Early Problems with Obamacare Are Bigger Than a Glitch

After more than three years, $400 million, and a steady stream of assurances from the Obama administration, the government's healthcare exchanges should have been ready to go.

But the problems with Obamacare, at first brushed off as the result of an overwhelming initial response, run much deeper than the Obama administration would like to admit.

"These are not glitches," an insurance executive who has taken part in many conference calls on Obamacare told The New York Times. "The extent of the problems is pretty enormous. At the end of our calls, people say, 'It's awful, just awful.'"

And while the problems with Obamacare were discussed among insiders for months, warnings that it would almost certainly crash on launch were ignored.

After two weeks of building frustration, everyone wants answers - would-be enrollees, Republican opponents, and embarrassed Democratic supporters.

"The way this [launch] is going is a disaster, I really don't think people should soft pedal what a bad launch this is. They've done a terrible job on this website," Washington Post columnist Ezra Klein said today (Monday) on the MSNBC program "Morning Joe." "We're a couple of weeks in and people can't sign up, people have tried 20, 30, 40 times, I mean it's one thing for that to be true the first three or four days, it's another thing for it to be true two or three weeks in."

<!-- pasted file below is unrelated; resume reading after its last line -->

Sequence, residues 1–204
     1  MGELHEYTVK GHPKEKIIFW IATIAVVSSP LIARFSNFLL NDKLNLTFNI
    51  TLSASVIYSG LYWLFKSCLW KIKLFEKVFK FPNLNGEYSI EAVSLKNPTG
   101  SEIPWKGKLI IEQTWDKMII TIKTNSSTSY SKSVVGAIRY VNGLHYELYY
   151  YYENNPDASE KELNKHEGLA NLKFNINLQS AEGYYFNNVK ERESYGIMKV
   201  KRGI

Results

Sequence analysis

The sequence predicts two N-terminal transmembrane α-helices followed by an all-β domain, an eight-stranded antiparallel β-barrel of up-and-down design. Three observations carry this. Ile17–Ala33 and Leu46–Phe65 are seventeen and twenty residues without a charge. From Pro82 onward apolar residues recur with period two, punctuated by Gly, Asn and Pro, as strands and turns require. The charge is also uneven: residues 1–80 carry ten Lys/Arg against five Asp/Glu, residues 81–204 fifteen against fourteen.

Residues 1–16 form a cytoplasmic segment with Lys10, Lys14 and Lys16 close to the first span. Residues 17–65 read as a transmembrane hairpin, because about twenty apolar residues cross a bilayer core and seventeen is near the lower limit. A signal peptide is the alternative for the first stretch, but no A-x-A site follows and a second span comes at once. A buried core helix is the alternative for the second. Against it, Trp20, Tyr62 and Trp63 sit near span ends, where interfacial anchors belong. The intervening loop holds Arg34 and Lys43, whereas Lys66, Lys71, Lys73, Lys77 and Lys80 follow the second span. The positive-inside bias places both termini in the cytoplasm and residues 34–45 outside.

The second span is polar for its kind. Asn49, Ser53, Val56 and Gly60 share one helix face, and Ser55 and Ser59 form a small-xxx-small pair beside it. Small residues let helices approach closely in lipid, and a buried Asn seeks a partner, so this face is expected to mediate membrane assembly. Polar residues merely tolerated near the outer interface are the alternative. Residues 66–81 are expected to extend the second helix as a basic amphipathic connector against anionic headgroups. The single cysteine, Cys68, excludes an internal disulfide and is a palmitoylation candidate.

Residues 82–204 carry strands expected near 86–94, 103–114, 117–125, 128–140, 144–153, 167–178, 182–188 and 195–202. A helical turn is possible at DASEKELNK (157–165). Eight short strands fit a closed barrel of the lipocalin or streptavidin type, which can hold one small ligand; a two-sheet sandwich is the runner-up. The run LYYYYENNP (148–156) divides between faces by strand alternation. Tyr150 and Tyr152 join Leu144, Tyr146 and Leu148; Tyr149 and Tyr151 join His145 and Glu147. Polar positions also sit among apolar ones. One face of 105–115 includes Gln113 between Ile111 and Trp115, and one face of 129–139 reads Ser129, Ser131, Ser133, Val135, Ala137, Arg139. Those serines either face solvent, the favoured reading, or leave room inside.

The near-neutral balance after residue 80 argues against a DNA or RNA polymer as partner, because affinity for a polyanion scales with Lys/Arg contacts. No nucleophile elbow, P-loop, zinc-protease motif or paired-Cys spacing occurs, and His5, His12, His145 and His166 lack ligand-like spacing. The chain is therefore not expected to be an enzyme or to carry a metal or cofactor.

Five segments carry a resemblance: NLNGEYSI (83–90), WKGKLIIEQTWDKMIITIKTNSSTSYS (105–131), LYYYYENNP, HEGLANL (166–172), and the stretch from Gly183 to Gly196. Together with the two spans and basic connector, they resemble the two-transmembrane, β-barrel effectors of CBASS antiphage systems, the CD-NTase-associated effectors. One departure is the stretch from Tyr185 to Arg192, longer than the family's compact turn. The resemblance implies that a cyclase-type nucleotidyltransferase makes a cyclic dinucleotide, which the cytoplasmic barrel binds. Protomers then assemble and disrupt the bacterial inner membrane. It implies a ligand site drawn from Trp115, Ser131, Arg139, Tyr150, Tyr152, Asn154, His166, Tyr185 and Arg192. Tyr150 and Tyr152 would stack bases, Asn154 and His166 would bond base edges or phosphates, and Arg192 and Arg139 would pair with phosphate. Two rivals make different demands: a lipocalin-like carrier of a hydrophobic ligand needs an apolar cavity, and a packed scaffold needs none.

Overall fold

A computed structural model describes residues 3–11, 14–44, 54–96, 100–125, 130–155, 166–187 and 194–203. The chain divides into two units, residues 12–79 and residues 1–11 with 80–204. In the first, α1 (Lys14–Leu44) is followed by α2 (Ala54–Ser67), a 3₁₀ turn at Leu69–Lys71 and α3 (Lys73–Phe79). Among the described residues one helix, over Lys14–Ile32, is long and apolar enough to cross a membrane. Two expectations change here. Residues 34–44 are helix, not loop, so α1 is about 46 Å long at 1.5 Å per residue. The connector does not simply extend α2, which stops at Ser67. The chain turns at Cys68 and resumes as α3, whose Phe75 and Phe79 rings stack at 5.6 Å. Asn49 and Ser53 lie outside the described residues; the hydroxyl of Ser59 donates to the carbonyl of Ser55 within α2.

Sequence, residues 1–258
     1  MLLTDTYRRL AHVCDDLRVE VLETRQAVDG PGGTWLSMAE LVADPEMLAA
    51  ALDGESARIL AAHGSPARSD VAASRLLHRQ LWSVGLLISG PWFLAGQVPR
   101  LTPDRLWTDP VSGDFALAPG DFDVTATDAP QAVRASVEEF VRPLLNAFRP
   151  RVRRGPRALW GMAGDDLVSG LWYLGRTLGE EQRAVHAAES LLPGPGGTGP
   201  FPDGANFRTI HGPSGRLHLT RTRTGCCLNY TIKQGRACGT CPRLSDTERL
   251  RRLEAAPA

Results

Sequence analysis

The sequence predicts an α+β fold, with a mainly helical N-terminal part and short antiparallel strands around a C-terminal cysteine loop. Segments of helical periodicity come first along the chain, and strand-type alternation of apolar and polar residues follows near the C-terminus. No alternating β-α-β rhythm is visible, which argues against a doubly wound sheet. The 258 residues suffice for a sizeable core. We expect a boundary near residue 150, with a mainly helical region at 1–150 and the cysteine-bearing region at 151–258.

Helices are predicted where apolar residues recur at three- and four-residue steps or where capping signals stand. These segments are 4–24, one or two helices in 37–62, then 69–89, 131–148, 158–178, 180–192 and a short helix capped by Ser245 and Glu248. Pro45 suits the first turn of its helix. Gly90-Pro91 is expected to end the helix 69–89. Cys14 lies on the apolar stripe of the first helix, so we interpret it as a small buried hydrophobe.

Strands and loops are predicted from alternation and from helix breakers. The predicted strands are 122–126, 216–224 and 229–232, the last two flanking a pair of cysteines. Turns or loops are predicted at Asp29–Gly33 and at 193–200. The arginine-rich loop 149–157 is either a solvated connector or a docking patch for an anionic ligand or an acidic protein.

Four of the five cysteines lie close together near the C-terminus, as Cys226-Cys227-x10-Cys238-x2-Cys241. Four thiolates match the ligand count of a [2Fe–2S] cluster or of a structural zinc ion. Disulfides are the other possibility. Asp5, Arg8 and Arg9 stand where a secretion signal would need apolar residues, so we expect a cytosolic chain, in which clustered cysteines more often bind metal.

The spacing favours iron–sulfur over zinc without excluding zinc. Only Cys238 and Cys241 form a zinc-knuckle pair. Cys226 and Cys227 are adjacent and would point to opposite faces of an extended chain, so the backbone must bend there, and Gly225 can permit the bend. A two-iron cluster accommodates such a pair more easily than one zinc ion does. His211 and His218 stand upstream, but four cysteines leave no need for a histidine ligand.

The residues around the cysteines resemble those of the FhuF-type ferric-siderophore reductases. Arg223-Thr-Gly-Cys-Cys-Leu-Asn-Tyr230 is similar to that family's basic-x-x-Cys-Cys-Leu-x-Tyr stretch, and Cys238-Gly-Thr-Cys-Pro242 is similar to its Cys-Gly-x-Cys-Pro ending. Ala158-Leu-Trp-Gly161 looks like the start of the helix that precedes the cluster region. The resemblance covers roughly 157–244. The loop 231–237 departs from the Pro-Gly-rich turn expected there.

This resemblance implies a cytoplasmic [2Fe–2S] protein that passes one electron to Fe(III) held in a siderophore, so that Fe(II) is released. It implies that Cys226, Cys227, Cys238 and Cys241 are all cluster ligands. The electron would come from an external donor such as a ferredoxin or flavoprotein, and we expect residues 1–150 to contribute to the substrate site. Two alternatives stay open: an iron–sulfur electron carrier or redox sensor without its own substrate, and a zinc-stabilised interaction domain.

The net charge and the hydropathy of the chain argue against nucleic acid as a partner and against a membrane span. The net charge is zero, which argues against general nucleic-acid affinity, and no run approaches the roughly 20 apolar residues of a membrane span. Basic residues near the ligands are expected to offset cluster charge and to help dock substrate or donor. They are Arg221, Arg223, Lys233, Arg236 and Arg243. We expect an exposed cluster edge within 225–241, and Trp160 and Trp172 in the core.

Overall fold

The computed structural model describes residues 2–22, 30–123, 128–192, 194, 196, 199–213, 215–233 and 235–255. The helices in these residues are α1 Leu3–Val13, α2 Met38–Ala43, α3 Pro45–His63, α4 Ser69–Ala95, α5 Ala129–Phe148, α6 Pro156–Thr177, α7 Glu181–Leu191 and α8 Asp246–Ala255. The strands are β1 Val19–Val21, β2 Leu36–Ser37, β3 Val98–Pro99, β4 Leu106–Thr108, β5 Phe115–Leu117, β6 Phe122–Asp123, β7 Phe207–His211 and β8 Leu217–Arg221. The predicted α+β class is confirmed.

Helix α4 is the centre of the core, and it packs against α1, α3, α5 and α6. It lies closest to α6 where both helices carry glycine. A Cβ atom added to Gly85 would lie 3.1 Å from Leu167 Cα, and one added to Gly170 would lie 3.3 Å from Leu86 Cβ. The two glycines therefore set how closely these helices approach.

The problems with Obamacare (officially known as the Affordable Care Act) are more than just a passing nuisance.

If the reputation of healthcare law gets too badly tarnished, many potential enrollees won't sign up. And the success of Obamacare depends on getting large numbers of people signed up for health insurance to help pay for the subsidies and keep overall costs down.

The Obama administration, and specifically the Department of Health and Human Services (HHS) that is in charge of implementing the program, doesn't have much time to fix the problems with Obamacare before permanent damage is done.

And given the depth and complexity of the problems with Obamacare, a quick fix may not be possible.

"If we are already running into issues at the user account stage, we're going to run into a lot more issues when we get to the more complex operations at the [subsidy] eligibility determination," consultant Dan Schuyler, who helped design a health insurance exchange in Utah and is now the senior technology expert at Leavitt Partners, told Politico. "That's the reality. It's a very complex process, and I think it's going to get worse before it gets better."

Why There Are So Many Problems with Obamacare

One of the first mistakes the Obama administration made was to put Medicare/Medicaid in charge of coordinating the technical side of the healthcare exchanges rather than a lead contractor that would have been more qualified.

The New York Times investigation showed that Medicare officials simply didn't have the resources to do the job.

Even a private contractor would have struggled with the task of creating the technical infrastructure of such a massive health insurance system.